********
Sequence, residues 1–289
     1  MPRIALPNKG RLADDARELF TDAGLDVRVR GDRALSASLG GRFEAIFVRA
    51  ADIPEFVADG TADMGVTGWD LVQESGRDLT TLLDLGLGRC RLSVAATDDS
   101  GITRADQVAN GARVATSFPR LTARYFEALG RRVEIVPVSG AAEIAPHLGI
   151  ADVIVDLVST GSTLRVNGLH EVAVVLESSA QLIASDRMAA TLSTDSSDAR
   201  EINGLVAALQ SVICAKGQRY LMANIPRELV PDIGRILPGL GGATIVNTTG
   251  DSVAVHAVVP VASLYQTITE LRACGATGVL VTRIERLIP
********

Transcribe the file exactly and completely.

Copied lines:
Sequence, residues 1–289
     1  MPRIALPNKG RLADDARELF TDAGLDVRVR GDRALSASLG GRFEAIFVRA
    51  ADIPEFVADG TADMGVTGWD LVQESGRDLT TLLDLGLGRC RLSVAATDDS
   101  GITRADQVAN GARVATSFPR LTARYFEALG RRVEIVPVSG AAEIAPHLGI
   151  ADVIVDLVST GSTLRVNGLH EVAVVLESSA QLIASDRMAA TLSTDSSDAR
   201  EINGLVAALQ SVICAKGQRY LMANIPRELV PDIGRILPGL GGATIVNTTG
   251  DSVAVHAVVP VASLYQTITE LRACGATGVL VTRIERLIP